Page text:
“Owning our story and loving ourselves through that process is the bravest thing we’ll ever do.” (Brené Brown- Manifesto for the Brave and Brokenhearted)
The American researcher and internet phenomenon Brené Brown’s popular book, Daring Greatly, explores the importance of not giving up. Her ideas are inspired by a speech by Teddy Roosevelt, Citizenship in a Republic, delivered at the Sorbonne in Paris way back in 1910. You can read it at the end of this post.
Brené Brown’s unique take on courage is liberating. Read on to discover how her ideas will transform the way you feel about failure – and change the way you handle it.
The 3 core phases of the Rising Strong process
Failing in a work context can be so painful and hard to handle. It happens to all of us though at some point in our career. Perhaps more often than we might like to admit.
The goal of the Rising Strong process is about overcoming mistakes, facing the hurt, and rising from the falls. It is not about playing so safe, being so risk adverse that failure does not happen. It starts with awareness. Knowing when you’re in an emotional soup and your reactions are out of proportion. Rising Strong gives you a practical method to help you get back up when you fall, and it’s a process with three main phases:
- The Reckoning: walking into your story
- The Rumble: owning your story
- The Revolution: writing a new ending to change the way you engage with the world
It’s inspiring to know that, instead of worrying and fretting about failing, you can stand tall, own it, find a way to brush yourself off, learn from it, and carry on stronger than ever.
In Brené’s world, as a leader she suggests that the business landscape is an arena. As she eloquently puts it: “I want to live my life in the arena. You go in the arena, you get your ass kicked, period. You sign up to live a brave life, you’re going down. No-one ever lives in there and doesn’t fall.”
The reckoning – Walking into your story
The first phase is the foundation for real change and it’s a worthy challenge, something Brené calls The Reckoning: Walking into your Story. This is when you become curious about your feelings and begin to recognise how your emotions connect with the way you think and behave. In this open, exploring state, you often find you’ve constructed a story to justify what has happened, a tale that confirms your habitual world view. Brené calls this a Shitty First Draft, our SFD.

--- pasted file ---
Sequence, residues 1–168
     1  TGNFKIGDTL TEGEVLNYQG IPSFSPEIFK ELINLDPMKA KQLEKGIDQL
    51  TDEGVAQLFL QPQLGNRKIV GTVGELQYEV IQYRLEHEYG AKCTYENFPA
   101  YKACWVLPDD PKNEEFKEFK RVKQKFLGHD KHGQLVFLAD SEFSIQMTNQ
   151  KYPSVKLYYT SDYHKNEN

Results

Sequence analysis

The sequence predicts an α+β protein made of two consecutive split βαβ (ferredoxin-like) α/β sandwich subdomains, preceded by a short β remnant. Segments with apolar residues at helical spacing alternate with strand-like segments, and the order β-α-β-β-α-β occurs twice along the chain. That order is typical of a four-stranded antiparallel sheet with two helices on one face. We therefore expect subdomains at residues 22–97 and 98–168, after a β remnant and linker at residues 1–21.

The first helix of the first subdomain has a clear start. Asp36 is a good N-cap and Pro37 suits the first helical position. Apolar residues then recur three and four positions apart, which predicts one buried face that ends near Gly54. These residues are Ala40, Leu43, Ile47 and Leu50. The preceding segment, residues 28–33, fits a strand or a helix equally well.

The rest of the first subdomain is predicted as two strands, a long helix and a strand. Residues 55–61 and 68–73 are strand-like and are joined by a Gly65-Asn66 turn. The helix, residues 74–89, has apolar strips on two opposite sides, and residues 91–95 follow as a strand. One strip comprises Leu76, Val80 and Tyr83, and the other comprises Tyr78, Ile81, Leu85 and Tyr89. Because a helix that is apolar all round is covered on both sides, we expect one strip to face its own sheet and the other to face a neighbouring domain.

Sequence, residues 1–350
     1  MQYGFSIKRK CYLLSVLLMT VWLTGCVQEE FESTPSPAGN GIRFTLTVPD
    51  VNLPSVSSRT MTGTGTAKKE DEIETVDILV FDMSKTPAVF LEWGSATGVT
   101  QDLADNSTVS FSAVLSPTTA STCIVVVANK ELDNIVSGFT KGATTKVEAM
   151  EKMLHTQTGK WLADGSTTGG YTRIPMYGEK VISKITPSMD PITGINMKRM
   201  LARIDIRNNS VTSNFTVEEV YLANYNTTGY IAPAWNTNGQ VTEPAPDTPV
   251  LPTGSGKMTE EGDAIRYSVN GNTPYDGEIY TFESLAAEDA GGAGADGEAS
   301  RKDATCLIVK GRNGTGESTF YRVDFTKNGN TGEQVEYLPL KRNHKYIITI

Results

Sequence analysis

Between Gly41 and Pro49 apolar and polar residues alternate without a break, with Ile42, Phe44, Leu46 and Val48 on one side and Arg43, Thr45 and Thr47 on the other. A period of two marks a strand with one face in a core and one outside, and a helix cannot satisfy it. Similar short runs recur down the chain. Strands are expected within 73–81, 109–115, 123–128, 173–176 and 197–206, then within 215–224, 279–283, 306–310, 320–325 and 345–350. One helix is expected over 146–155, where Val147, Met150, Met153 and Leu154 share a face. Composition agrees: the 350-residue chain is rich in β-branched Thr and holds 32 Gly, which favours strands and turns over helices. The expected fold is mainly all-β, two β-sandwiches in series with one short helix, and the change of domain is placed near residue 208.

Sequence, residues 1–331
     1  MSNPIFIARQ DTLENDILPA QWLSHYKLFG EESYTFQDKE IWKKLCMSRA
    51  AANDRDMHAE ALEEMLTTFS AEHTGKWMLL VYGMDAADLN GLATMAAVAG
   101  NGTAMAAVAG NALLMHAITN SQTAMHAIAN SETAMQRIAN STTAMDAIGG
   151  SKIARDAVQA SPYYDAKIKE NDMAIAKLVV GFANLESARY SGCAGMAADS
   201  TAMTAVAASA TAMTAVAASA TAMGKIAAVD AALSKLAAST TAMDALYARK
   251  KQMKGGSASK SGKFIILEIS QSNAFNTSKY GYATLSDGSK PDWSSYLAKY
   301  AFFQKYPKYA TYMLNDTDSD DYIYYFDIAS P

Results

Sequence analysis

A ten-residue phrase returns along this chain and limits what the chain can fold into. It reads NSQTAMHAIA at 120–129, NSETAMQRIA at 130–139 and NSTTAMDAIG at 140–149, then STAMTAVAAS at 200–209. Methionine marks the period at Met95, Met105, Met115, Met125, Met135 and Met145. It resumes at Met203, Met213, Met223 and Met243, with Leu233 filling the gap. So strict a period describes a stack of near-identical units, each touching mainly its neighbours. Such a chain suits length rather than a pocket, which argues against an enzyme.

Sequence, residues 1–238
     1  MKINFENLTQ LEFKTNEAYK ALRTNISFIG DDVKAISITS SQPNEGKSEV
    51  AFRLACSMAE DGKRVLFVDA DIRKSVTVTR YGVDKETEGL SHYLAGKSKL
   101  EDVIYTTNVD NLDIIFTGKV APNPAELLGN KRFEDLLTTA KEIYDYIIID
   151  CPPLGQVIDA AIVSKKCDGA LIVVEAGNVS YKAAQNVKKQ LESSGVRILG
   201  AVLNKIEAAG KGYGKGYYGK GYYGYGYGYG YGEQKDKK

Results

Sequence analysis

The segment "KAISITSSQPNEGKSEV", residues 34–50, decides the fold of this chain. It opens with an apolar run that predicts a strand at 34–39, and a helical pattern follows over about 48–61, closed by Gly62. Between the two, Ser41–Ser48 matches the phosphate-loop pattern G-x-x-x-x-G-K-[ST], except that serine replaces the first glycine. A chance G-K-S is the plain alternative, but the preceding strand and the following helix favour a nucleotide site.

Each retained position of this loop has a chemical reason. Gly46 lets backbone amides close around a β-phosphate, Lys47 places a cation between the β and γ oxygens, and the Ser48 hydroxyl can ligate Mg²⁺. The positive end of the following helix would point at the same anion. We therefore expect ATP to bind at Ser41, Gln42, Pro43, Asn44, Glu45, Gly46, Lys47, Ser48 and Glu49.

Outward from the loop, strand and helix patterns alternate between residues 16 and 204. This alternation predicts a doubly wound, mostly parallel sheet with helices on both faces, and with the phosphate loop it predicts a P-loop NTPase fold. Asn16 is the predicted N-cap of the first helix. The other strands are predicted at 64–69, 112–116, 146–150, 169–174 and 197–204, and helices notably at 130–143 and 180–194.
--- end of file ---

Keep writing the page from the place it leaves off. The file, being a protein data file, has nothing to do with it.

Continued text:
This idea is powerful stuff, hitting the core of us, the tender part we prefer to protect and deny at work. And Brené’s passion shines through when she says, “Every single one of us has stories that we have orphaned from our lives because we don’t think they fit with who we’re supposed to be. When you orphan those stories you’re not a whole person any more, you’re a part of who you are, and no great leader ever comes to the table in parts. When we deny our story, when we don’t talk about our failures we’re not whole. And, worse than that, you can never mentor anyone if you don’t tell them how to get back up, if you don’t openly discuss your falls, if you don’t tell them about the hard times, if you don’t tell them about the stuff that no one talks about.”
The rumbling – owning your story
Stopping, being curious, and observing yourself moves you into the second phase of the process, The Rumbling: Owning your Story. Here you grapple with your SFD, get real about it, confess the tall tales you’ve been making up about your struggles… and start to challenge them for what they are: confabulations you’ve unconsciously created to keep you safe. Even if your stories aren’t 100% fiction they’ll be emotionally charged and out of balance, therefore fascinating ground for self-discovery.